It is related that one day they came upon Majnun sifting the dust, and his tears flowing down. They said, "What doest thou?" He said, "I seek for Layli." They cried, "Alas for thee! Layli is of pure spirit, and thou seekest her in the dust!" He said, "I seek her everywhere; haply somewhere I shall find her."
(Baha'u'llah, The Seven Valleys, p. 6)
Tuesday, 26 April 2011
Sometimes, Baha'u'llah describes experiences which seem absolutely beyond our imaginings let alone our capabilities. Our souls "shake with the flashing light"? To "soar in the air even as thou walkest upon the earth"? What would it feel like? Well maybe at 12 noon on Saturday May 7th we will find out in the "green garden" of Holwell Gorge. Meet at the Northern or perhaps North Eastern car park.
The directions are pretty straightforward. Make your way to Beaconsfield (if coming from Launceston its via the West Tamar Highway). Just on the Northern outskirts of Beaconsfield, take a left turn onto Kelly's Lookout Road which quickly becomes Holwell Road (C715) and follow it until you see the signpost. People coming from George Town would cross the bridge and then on to Beaconfield. From Devonport or other Western places there are various routes but perhaps a left turn onto Holwell Road at Frankfurt is the most direct (well thats what Google Maps recommends). Don't forget there are two entrances to the reserve. Its the one nearest Beaconfield you are looking for.
The Gorge is described with photographs at
and we have been there before
As usual, bring some food to eat or share and a willingness to participate or at least tolerate some devotional activity and hopefully be ready to be transported by the beauty of nature.
"So perfect and comprehensive is His creation that no mind nor heart, however keen or pure, can ever grasp the nature of the most insignificant of His creatures; much less fathom the mystery of Him Who is the Day Star of Truth, Who is the invisible and unknowable Essence." (Baha'u'llah)
Baha'u'llah was, of course, speaking metaphorically but the metaphor takes new life when you stand in the rockscape and gaze up at Hardings Falls.
It was a long drive - the last part over a very rough road. It was a lovely walk through a forest.
And finally it was a very steep descent down a very rough path indeed.
And then it was very peaceful and quite beautiful.
"Numerous confessions and divers creeds abide peacefully beneath the shadow of thy sovereignty. Let this people be also numbered with them." (Baha'u'llah)
We were a small group but religiously diverse and we found some peace at Hardings Falls.
"Prefer ye to be silent, whilst every stone and every tree shouteth aloud: 'The Lord is come in His great glory!'? " (Baha'u'llah)The stones and rocks that make the canyon perhaps did not audibly shout but they certainly grabbed the attention.
And so we made our way back to the car park where picnic and prayers rounded off the day.
Sunday, 17 April 2011
Today's the first of these -- 'Tis why thou seest me glad. (Rumi)
The First Council of Nicaea (325) established the date of Easter as the first Sunday after the full moon (the Paschal Full Moon) following the northern hemisphere's vernal equinox. (Wikipedia)
The Baha'is celebrate the Twelve Days of Ridvan starting on April 20th at Sunset. So. unusually, this year, due to the lateness of the Paschal Full Moon, Easter falls with the Festival of Ridvan.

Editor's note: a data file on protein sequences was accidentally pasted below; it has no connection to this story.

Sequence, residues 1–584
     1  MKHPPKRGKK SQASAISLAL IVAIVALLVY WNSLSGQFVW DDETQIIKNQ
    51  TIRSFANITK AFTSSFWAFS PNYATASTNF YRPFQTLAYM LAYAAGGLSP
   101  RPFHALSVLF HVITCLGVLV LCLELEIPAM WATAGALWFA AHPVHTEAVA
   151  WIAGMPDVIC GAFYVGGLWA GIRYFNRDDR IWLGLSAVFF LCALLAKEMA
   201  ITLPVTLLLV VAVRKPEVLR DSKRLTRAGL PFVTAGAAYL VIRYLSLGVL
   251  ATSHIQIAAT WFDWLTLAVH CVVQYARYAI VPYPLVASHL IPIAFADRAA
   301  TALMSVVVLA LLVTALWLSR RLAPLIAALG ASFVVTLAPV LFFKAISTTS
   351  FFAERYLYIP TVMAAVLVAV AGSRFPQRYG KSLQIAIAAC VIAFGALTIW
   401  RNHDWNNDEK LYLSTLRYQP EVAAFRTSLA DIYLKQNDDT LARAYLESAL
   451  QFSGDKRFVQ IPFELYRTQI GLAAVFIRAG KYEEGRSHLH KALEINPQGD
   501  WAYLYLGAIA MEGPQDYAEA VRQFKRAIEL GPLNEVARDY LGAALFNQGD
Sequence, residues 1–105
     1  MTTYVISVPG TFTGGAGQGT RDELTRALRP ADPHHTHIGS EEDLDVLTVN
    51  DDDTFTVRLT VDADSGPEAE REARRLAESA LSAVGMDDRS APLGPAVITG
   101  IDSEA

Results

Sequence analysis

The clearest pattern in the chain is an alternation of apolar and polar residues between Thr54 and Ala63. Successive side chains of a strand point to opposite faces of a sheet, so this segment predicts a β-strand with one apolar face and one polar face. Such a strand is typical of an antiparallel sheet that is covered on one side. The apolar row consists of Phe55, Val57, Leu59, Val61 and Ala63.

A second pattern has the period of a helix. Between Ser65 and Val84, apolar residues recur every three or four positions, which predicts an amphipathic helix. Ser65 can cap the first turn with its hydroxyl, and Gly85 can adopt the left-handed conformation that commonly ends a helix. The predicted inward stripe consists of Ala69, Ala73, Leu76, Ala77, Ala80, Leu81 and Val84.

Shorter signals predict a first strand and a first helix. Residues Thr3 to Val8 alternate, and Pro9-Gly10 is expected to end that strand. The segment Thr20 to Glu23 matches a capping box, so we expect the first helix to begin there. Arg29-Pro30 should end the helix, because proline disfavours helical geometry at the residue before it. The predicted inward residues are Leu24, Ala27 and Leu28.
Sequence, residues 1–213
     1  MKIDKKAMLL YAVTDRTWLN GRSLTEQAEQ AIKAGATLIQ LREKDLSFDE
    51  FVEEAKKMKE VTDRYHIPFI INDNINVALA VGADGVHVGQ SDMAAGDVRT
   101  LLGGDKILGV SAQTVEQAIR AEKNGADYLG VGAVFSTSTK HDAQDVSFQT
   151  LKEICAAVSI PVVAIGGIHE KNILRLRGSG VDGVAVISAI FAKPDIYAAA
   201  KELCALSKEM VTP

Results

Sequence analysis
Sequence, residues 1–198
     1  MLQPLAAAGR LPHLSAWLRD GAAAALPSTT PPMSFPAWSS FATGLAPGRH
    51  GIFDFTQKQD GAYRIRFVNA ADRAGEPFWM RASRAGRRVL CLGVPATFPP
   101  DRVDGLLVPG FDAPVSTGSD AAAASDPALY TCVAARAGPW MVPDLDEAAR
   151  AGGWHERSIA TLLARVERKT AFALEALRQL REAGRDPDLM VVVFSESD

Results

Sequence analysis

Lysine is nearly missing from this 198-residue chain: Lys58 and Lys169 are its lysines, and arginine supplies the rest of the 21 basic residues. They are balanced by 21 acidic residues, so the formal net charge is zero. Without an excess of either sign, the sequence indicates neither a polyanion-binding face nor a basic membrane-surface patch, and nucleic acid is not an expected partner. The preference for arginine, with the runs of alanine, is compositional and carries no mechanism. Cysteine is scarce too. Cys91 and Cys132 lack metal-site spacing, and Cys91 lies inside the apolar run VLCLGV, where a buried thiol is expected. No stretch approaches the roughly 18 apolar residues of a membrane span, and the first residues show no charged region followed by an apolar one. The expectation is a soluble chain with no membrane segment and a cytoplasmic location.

In addition this year, Easter Monday coincides with the great Australian commemoration of ANZAC day when many people remember those who fought and died in the wars of the past.
"these fruitless strifes, these ruinous wars shall pass away, and the 'Most great Peace' shall come..."
(Baha'u'llah, speaking to Edward Granville Brown)
So on Monday 25th April there is a rare opportunity for a triple hit - to celebrate three festivals simultaneously and what better way to do it than seeking Layli at a remote and mighty waterfall?
The one we have chosen is Hardings Falls. see
For those who came to Mount Puzzler the country is similar and the journey about the same length though by way of Royal George rather than Fingal. The walk to the falls is much shorter than at Mount Puzzler though still steep.
We will meet at the car park at 12noon. To get there from Launceston follow the main Highway south towards Hobart, just before Cambelltown turn left following the signs for Avoca and the East Coast. At Avoca turn right following the sign to Royal George. Go straight through Royal George. After a few kilometres the road turns to dirt and a bit further on there is a cross roads. To the right there is a steep hill clearly signposted to Meetus Falls. Ignore it - take the left less clearly signposted road. Hardings falls is signposted off this road to the right. These are forestry roads and are not shown on Google maps or Where-is.com. It should take about two hours from Launceston. There are about 20 kilometres of, in places, quite rough, dirt road to cover.
As always bring some food to eat/share, good shoes or boots, and, we hope, a willingness to join in some devotions in whatever way suits you. Perhaps some of us will say a prayer for those who suffered and died in all those ruinous wars.
Saturday, 16 April 2011
Hopefully some of us did manage to make some progress in getting rid of idle fancies and vain imagining - or is that hope itself an idle fancy?
But certainly after several recent attempts on Mount Barrow which were thwarted or blinded by rain and mist it was a relief to reach the tops and actually see a view.
Though the distance did seem a little hazy on the mountain itself the sun shone:
But we did all come together at the car park for, at the start of the day, a picnic and, at the end, some prayers.